Is Australia’s luck running out?

Australia hasn’t endured a recession since 1991. But that could soon be about to change.

Australia hasn't endured a recession since 1991. Economic reforms made in the early 1980s have helped.

Meanwhile, seemingly endless demand from China for Australia's resources iron ore, copper and coal in particular along with higher government spending, kept the economy above water during the global financial crisis. But now, Australia's luck might be running out.

The unemployment rate jumped from 6% to 6.4% in July. That's the highest level in more than a decade, and it's happened in a very forgiving monetary environment interest rates have been cut from 4.75% to 2.5% since late 2011.

There are several reasons why the economy seems to be struggling. For one, commodity exports have slowed as China's politicians attempt to encourage consumption at the expense of commodity-intensive investment.

This year the price of Australia's top export, iron ore, has slid by 30%, says Chris Watling of Longview Economics.

And while the mining sector has boomed in recent years, its success has undermined prospects for other industries, via a process often known as Dutch disease'.

Booming mining exports drove the Aussie dollar to record highs it gained more than 40% against the US dollar between early 2009 and 2012. It has since fallen back, but this strong currency hurt both tourism and manufacturing.

In fact, manufacturing output in Australia is now lower than it was back in 2002, says Matthew Klein on FT Alphaville. It will fall even further now that all of the country's foreign carmakers, including Ford and Toyota, have been forced to up sticks due to the strong Australian currency.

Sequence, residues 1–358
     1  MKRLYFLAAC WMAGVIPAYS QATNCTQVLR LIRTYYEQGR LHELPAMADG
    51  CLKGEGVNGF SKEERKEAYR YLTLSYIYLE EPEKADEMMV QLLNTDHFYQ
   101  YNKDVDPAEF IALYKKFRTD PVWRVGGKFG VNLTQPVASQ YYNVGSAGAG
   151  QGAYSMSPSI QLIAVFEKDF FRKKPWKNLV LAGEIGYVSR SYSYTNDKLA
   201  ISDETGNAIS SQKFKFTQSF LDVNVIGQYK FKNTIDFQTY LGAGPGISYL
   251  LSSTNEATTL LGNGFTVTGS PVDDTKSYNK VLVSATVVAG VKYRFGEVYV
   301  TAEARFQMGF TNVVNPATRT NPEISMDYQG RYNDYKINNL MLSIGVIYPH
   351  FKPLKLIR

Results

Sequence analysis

It's hard to see consumers taking up much slack. The absence of recession in the past two decades means they have not been forced to cut back, so now their debts stand at almost 140% of household income.

Meanwhile, the air is getting thinner and thinner for the country's property market. It is one of the world's most overvalued, reckons the OECD think tank by 30% compared to household incomes, and 50% compared to rents.

Add it all up, and it seems likely that Australia has merely postponed, rather than avoided, a downturn. This suggests that the Aussie dollar still has further to fall against its American counterpart,says Watling.

Recommended

Oil shortage starts to curb demand
Oil

Oil shortage starts to curb demand

The price of Brent crude oil is up by 475% since its March 2020 low. And when oil prices rise, people start to reduce consumption, leading to increas…
30 Jun 2022
Metals prices wobble on slowdown fears
Industrial metals

Metals prices wobble on slowdown fears

The S&P GSCI index of 24 major raw materials has fallen back 9% since mid-June on growing fears of a recession, and copper has hit a 16-month low aft…
30 Jun 2022
Governments will sink in a world drowning in debt
Global Economy

Governments will sink in a world drowning in debt

Rising interest rates and soaring inflation will leave many governments with unsustainable debts. Get set for a wave of sovereign defaults, says Jonat…
23 Jun 2022
The MoneyWeek Podcast with Dylan Grice
Investment strategy

The MoneyWeek Podcast with Dylan Grice

Merryn talks to Dylan Grice of Calderwood Capital about how central bankers are the problem, not the solution; how bitcoin can counter the increasing …
23 Jun 2022

Most Popular

Prepare your portfolio for recession
Investment strategy

Prepare your portfolio for recession

A recession is looking increasingly likely. Add in a bear market and soaring inflation, and things are going to get very complicated for investors, sa…
27 Jun 2022
Market crash: have we hit bottom or is there worse to come?
Stockmarkets

Market crash: have we hit bottom or is there worse to come?

For a little while, markets looked like they were about to embark on a full-on crash. And that could still happen, says Dominic Frisby. Today, he look…
27 Jun 2022
What the end of the 1970s bear market can teach today’s investors
Stockmarkets

What the end of the 1970s bear market can teach today’s investors

The 1970s saw the worst bear market Britain has ever seen, with stocks tumbling 70%. Things have changed a lot since then, says Max King. But there ar…
28 Jun 2022